A Do No Enter sign is covered by regulation 615, thus a city other authority having jurisdiction over a highway would need to pass a by-law allowing the sign to be placed whenever it is used. A construction company has no authority over highways. The Municipal Act covers highways, and allows the city to pass by-laws. But it does not appear to grant them power to pass a do not enter sign on a construction site.

The relevant sections of the HTA, HTA Regulation 615, and Municipal Act have been posted below for future reference.



Highway Traffic Act Regulation 615.

http://www.e-laws.gov.on.ca/html/regs/e ... e.htm#BK11

Do Not Enter Sign

31. A Do Not Enter sign shall,

(a) be rectangular in shape and shall be not less than 60 centimetres in width and 60 centimetres in height; and

(b) bear the markings and have the dimensions as prescribed and illustrated in the following Figure:

32. (1) A sign referred to in section 31 may be accompanied immediately below by a tab bearing the markings and having the dimensions as illustrated in the following Figure:

45. A sign prescribed by this Regulation, other than a sign prescribed by section 13, 14, 15, 24, 25, 26 or 27, shall be so placed as to be visible at all times for a distance of at least 60 metres to the traffic approaching the sign. O. Reg. 175/08, s. 15.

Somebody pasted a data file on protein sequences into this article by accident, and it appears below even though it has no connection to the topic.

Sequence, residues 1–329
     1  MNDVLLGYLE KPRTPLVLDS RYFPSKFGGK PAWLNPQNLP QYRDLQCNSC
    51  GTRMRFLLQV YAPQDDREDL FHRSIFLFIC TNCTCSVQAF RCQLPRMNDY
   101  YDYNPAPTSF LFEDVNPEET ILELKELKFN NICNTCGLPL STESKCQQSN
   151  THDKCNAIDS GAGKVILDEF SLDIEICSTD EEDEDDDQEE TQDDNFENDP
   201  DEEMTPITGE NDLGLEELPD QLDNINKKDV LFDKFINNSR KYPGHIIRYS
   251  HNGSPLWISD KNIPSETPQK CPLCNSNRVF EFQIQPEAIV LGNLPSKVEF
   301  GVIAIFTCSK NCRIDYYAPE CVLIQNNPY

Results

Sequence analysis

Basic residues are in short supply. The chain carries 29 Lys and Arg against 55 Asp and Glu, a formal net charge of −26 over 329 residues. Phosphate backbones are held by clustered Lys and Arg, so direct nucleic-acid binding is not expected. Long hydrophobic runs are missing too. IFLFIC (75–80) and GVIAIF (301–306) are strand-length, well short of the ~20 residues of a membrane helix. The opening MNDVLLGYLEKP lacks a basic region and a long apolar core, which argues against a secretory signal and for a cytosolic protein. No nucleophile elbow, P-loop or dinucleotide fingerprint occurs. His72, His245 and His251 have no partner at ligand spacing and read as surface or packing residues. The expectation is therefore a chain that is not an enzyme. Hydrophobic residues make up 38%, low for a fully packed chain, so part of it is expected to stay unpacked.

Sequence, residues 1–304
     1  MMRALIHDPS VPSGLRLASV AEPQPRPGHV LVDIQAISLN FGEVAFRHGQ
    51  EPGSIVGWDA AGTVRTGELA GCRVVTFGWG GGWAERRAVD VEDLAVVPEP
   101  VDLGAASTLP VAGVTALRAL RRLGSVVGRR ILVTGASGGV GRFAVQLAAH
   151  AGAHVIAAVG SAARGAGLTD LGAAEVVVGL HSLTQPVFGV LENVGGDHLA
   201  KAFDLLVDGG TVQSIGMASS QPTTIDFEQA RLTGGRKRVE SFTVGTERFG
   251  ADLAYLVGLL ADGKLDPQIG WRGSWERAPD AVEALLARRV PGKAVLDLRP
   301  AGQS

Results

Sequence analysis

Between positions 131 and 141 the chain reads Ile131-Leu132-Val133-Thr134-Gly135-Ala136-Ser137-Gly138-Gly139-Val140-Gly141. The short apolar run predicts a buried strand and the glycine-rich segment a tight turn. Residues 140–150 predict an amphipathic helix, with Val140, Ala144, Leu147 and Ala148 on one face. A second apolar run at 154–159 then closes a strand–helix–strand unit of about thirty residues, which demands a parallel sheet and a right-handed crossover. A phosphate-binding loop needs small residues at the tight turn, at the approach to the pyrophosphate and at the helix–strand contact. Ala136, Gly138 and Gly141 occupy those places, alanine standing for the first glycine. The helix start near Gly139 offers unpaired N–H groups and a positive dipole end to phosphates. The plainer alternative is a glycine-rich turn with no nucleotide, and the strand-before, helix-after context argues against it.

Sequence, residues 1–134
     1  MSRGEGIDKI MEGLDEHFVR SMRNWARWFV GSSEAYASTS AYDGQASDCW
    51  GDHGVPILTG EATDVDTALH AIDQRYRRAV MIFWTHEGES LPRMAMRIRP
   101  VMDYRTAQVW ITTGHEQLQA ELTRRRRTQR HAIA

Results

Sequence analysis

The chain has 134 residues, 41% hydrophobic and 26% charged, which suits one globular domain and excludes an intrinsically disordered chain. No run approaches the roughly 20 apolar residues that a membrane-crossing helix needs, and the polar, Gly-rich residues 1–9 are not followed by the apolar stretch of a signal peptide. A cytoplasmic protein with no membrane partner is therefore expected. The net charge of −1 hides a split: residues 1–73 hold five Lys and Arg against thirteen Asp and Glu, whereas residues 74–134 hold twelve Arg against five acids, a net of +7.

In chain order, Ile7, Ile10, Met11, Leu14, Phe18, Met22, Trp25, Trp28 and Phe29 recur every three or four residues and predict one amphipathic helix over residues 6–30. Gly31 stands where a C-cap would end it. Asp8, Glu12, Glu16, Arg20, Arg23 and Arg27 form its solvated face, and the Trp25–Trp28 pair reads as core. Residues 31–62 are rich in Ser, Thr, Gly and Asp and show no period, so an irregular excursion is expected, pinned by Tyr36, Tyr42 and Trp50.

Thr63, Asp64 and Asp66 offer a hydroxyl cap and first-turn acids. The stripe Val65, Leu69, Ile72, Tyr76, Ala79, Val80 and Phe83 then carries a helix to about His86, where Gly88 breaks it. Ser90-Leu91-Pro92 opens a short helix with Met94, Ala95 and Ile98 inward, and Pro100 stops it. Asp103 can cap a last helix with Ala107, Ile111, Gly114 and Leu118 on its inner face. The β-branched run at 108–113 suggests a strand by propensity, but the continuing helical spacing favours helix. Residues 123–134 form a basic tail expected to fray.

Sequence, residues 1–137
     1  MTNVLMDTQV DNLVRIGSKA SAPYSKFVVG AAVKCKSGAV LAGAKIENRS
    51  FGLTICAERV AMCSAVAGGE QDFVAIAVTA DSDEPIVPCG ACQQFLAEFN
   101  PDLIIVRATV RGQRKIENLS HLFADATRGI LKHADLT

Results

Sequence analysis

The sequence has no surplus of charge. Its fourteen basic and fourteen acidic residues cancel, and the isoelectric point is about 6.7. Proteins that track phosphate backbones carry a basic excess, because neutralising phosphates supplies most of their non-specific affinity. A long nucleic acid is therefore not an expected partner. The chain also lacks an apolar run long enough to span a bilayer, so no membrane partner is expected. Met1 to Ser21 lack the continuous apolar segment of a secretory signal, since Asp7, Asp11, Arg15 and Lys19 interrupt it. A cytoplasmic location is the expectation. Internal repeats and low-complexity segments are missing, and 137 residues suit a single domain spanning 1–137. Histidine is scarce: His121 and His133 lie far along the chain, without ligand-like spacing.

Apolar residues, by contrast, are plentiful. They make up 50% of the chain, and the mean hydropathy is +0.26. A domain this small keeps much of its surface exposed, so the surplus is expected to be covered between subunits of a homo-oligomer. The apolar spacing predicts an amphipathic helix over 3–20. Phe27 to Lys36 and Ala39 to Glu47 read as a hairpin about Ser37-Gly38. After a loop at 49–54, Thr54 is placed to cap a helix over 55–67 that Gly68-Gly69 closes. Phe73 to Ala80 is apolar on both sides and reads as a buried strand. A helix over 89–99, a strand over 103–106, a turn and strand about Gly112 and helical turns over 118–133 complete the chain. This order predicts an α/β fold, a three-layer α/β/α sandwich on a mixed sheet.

46. No person, other than a municipal corporation or other authority having jurisdiction over a highway, shall erect or maintain a sign prescribed by the Act and regulations. R.R.O. 1990, Reg. 615, s. 46.




Highway Traffic Act

http://www.e-laws.gov.on.ca/html/statut ... .htm#BK212
Signs

144(9) The provisions of this section are subject to any sign, as prescribed by the regulations, forbidding a left turn, right turn, through movement or combination thereof that is posted at an intersection and every driver shall obey every such sign. R.S.O. 1990, c. H.8, s. 144 (9).

Erection of traffic control signals and signal systems

(31) Subject to subsection (31.1), no traffic control signal system or traffic control signal used in conjunction with a traffic control signal system shall be erected or installed except in accordance with an approval obtained from a person designated to give such approvals by the municipality or other authority that has jurisdiction over the highway or the intersection. 1996, c. 33, s. 14.


Portable signal lights

146. (1) Despite subsection 144 (31), during construction or maintenance activities on or adjacent to a highway, a portable lane control signal system may be operated on the highway in accordance with the regulations by the authority having jurisdiction and control of the highway or any person authorized by that authority. R.S.O. 1990, c. H.8, s. 146 (1).